A lesson learned

So you know how when you call any form of technical support line they treat you like you are about three years old -and stupid for that age-? Turns out they do it for a pretty good reason.

I am pretty good with Windows, not in the I can use a computer sort of way, but in the diagnosing problems with hardware/software sort of way. I don’t have a lot of confidence in myself when I have to start screwing with the BIOS, but I do it when I have to (on my own machine at least) and nearly always have good results (not counting the time when my mom’s pc had a boot sector virus and I just gave up and bought her a new machine).

I am familiar enough with Windows 95, 98 and XP that I can usually troubleshoot problems and repair them over the phone (that being software/driver type problems, not major problems). I was trying to help a guy out with what I thought was a software related problem just yesterday.

Microsoft recently released an update for the Windows Media Player, it totally fucked up the microphone on my machine. Well, technically it didn’t fuck up the microphone, it just made it so that I wasn’t able to use it with the program that I wanted to use it with (teamspeak being the program). For unknown reasons the update set all my settings back to default, thus not using the sound card that I had installed recently, and also for unknown reasons it set my mic volume all the way down and my line in volume all the way up. Yay Microsoft! I was able to solve the problem on my own machine in about ten minutes.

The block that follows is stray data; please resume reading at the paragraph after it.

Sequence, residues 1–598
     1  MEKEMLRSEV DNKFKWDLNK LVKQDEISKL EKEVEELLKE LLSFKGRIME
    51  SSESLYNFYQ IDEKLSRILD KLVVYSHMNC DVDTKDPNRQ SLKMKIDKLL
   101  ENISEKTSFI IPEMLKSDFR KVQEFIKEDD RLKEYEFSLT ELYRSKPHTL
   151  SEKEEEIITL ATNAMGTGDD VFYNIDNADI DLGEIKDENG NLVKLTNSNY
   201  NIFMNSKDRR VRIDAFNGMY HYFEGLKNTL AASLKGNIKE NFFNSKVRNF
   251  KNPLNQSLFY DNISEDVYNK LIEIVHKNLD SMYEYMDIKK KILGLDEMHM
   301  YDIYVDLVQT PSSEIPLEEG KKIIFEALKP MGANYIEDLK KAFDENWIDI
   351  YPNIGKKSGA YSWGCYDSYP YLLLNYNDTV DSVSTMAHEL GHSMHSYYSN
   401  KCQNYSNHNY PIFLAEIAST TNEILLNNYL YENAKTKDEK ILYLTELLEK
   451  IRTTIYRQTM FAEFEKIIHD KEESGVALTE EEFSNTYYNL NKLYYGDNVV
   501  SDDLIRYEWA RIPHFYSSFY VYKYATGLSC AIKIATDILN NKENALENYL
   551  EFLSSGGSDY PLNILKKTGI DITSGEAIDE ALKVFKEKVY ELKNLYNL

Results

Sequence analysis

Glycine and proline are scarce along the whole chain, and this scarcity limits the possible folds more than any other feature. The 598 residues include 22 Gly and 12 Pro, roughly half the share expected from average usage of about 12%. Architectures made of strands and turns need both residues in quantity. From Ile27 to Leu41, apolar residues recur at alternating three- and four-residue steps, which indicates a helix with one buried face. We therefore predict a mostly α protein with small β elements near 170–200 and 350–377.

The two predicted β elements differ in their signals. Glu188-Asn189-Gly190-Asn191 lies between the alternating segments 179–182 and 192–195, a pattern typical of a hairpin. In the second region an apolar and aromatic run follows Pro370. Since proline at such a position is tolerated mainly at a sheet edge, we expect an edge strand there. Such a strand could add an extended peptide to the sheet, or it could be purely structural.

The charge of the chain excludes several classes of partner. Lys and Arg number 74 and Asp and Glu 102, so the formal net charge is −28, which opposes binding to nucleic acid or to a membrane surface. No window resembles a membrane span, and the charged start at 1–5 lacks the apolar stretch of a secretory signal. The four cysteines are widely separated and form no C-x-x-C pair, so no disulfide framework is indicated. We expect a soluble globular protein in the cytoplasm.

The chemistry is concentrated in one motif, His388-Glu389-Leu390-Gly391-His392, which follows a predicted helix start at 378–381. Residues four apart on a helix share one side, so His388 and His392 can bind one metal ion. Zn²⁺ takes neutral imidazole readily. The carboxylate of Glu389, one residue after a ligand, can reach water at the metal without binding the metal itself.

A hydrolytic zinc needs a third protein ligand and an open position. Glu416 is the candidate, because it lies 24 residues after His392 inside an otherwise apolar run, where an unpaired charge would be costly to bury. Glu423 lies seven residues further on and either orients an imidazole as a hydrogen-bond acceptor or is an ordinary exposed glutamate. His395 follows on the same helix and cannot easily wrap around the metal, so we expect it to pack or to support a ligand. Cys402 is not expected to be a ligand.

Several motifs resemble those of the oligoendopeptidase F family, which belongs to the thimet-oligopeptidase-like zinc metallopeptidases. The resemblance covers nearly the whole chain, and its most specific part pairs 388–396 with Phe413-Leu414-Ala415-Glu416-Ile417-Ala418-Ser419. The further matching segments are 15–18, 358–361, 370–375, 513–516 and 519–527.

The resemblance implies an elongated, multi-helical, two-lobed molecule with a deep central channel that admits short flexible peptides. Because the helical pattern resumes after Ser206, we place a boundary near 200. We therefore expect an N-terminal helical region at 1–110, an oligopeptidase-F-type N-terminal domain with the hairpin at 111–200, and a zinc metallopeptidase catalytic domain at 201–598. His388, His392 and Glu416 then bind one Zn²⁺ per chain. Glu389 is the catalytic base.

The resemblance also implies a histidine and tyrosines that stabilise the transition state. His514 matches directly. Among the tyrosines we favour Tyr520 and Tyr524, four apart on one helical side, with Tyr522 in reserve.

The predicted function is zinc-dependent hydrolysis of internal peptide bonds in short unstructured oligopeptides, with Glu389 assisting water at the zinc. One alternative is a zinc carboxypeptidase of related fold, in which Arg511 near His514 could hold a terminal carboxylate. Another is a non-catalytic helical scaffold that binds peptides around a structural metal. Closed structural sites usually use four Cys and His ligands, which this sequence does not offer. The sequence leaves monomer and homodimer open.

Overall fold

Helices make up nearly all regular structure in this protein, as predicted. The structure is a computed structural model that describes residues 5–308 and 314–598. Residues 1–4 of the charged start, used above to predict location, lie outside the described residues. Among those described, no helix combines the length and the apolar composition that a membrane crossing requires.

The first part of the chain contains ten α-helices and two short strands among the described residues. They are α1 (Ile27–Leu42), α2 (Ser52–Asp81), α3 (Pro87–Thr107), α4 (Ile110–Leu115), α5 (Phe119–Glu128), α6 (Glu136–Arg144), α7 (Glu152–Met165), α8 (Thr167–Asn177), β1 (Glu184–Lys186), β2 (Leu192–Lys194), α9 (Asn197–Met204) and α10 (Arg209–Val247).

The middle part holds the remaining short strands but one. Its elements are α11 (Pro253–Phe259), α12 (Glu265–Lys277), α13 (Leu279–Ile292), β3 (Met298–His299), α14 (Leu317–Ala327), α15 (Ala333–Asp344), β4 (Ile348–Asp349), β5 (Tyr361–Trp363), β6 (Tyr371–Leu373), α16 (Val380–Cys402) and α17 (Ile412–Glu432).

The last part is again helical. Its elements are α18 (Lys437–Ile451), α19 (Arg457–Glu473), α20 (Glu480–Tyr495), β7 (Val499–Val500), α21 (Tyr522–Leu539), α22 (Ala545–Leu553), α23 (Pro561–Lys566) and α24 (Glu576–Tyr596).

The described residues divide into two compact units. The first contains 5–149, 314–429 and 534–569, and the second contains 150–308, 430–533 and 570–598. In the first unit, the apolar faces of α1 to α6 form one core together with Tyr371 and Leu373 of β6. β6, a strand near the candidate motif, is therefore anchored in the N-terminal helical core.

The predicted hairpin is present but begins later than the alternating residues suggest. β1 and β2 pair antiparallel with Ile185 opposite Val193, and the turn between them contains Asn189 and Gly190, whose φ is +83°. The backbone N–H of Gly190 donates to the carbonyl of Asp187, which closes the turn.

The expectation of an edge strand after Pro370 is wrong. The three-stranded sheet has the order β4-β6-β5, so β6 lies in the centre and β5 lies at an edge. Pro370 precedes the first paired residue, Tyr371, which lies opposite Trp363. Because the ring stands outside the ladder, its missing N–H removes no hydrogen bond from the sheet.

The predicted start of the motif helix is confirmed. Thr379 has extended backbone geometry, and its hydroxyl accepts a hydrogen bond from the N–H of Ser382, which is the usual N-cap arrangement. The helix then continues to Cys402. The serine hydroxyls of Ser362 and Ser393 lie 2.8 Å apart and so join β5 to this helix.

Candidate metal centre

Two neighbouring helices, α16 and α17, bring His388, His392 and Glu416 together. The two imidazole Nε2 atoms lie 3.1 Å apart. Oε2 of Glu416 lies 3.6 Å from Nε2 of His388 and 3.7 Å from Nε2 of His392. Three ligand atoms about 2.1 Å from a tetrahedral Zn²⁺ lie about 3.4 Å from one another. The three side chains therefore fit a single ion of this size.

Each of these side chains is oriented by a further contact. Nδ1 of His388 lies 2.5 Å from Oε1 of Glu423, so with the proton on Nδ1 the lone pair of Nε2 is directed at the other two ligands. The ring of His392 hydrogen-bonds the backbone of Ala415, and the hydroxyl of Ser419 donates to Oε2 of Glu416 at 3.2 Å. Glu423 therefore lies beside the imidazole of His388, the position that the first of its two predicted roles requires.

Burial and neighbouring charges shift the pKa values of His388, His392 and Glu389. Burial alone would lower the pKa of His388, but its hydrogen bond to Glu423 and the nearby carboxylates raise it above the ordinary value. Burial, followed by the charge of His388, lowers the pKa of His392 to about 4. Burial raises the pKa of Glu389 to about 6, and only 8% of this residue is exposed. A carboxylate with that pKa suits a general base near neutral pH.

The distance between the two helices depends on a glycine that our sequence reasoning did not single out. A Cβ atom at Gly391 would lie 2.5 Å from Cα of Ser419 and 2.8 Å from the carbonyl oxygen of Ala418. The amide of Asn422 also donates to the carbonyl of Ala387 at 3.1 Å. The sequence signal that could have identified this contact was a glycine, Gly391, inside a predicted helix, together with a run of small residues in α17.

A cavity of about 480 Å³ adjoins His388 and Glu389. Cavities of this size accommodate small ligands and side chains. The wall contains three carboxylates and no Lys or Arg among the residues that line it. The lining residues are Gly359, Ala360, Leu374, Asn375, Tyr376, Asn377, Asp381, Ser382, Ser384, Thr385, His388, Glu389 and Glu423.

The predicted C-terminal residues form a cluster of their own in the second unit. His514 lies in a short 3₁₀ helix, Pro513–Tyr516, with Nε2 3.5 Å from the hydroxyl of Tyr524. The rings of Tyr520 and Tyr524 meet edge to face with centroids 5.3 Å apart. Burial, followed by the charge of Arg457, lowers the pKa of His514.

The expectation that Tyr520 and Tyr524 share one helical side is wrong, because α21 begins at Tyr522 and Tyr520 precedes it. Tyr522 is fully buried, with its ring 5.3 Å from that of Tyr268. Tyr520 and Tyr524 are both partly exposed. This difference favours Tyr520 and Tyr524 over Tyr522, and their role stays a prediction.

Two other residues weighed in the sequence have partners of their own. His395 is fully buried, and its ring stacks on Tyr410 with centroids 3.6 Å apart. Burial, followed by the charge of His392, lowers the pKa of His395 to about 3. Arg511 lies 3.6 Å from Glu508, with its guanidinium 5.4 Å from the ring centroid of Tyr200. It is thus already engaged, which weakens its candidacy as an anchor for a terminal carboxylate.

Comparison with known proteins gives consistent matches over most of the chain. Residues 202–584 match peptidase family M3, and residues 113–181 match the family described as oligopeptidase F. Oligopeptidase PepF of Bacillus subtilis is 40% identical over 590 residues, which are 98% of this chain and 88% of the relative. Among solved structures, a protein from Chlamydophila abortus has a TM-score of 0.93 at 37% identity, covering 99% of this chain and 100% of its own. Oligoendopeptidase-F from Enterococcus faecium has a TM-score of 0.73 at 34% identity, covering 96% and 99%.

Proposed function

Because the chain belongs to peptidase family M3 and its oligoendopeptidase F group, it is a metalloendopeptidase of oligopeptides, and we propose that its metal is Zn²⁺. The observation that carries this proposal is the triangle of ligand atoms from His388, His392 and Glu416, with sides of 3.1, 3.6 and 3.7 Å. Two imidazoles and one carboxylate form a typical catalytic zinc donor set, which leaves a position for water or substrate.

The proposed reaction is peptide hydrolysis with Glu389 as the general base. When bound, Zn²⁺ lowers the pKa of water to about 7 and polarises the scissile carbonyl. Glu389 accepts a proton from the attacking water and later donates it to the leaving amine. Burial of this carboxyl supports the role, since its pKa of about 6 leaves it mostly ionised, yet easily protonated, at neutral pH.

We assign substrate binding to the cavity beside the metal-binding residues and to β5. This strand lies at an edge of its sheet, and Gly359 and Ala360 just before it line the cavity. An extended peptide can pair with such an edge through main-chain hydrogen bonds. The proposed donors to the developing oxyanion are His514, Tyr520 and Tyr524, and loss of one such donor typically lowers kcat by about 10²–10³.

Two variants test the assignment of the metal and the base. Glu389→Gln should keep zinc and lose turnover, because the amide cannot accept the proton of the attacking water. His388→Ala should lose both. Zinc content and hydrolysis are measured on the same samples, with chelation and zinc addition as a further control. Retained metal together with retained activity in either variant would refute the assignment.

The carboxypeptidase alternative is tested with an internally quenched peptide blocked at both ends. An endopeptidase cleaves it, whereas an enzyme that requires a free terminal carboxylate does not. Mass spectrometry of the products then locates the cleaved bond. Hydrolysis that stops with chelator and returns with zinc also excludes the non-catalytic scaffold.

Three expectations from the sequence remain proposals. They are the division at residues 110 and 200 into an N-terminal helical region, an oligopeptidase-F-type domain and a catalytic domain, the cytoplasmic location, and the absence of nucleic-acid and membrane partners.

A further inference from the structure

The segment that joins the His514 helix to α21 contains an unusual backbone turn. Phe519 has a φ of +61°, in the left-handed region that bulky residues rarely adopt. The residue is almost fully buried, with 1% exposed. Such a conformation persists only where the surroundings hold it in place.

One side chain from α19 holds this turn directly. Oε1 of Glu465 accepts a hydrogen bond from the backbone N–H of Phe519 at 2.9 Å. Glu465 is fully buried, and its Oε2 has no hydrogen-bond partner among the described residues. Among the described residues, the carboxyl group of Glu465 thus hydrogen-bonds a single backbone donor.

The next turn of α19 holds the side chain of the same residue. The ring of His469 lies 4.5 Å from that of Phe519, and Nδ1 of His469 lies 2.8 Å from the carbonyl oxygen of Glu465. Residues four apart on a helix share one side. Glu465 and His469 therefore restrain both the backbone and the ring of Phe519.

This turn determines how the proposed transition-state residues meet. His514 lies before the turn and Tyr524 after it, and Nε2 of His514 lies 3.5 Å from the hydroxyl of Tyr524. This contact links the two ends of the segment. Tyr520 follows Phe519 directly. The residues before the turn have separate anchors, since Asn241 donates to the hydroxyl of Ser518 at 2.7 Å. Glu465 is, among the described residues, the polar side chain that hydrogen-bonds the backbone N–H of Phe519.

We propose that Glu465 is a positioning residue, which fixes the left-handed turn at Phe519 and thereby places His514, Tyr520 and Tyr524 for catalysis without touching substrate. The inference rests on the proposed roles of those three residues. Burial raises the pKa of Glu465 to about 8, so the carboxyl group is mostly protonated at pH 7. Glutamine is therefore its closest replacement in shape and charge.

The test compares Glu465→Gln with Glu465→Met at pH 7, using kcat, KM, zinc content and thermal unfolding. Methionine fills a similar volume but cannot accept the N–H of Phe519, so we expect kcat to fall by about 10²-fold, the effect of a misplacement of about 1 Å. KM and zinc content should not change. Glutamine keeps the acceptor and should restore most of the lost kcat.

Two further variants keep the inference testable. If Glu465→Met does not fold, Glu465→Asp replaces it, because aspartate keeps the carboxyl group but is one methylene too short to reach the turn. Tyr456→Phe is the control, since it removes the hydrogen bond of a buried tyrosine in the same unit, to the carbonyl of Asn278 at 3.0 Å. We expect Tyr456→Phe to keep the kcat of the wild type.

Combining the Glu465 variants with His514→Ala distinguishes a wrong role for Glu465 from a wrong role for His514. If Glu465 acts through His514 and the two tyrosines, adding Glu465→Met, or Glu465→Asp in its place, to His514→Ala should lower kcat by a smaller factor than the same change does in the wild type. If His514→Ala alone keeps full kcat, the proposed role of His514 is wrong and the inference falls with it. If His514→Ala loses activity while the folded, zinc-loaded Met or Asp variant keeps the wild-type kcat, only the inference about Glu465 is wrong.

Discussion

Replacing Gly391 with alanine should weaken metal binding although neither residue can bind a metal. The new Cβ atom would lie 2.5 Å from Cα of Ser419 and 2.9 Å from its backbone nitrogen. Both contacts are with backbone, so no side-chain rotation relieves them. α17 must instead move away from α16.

There was another guy playing the game I was playing who also was having problems with his microphone. I had never talked to him before, as he was new to our group, but I assumed that his problem was the same as the problem that I was having. I walked him through all the steps that I took on my machine to get it working, but his still wouldn’t work. After about fifteen minutes of text chat trying to fix the software problem I decided to ask a few different questions.

I had him run a mic test on his pc, which was not able to detect a voice at all. I asked him to check where he had the mic plugged in (a lot of people mistakenly plug it into the line out slot), which was correct. Then I asked him if he was sure that the microphone worked, which, as it turns out, is the question I should have asked first. He plugged in a different microphone and it all worked just fine.

I am telling myself that the other steps were necessary anyway, though I really don’t know if they were; his settings all seemed correct as I was walking him through it. At any rate it was a lesson learned. There is a pretty good reason why the technical support people think that you are stupid, usually you are.

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